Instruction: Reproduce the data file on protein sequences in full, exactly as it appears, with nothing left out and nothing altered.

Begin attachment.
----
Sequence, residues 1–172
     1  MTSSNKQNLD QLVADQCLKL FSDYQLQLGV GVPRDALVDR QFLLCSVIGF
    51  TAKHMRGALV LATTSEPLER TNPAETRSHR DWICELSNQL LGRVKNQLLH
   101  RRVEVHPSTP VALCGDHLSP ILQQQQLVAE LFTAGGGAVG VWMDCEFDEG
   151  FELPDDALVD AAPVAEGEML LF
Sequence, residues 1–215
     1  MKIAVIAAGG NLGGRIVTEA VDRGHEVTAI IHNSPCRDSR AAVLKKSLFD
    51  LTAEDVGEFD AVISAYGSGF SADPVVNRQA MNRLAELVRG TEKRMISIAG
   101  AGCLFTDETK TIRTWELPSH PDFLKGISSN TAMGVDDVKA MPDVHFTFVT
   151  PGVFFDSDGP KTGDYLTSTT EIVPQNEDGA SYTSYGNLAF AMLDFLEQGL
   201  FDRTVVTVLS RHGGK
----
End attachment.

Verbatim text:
Sequence, residues 1–172
     1  MTSSNKQNLD QLVADQCLKL FSDYQLQLGV GVPRDALVDR QFLLCSVIGF
    51  TAKHMRGALV LATTSEPLER TNPAETRSHR DWICELSNQL LGRVKNQLLH
   101  RRVEVHPSTP VALCGDHLSP ILQQQQLVAE LFTAGGGAVG VWMDCEFDEG
   151  FELPDDALVD AAPVAEGEML LF
Sequence, residues 1–215
     1  MKIAVIAAGG NLGGRIVTEA VDRGHEVTAI IHNSPCRDSR AAVLKKSLFD
    51  LTAEDVGEFD AVISAYGSGF SADPVVNRQA MNRLAELVRG TEKRMISIAG
   101  AGCLFTDETK TIRTWELPSH PDFLKGISSN TAMGVDDVKA MPDVHFTFVT
   151  PGVFFDSDGP KTGDYLTSTT EIVPQNEDGA SYTSYGNLAF AMLDFLEQGL
   201  FDRTVVTVLS RHGGK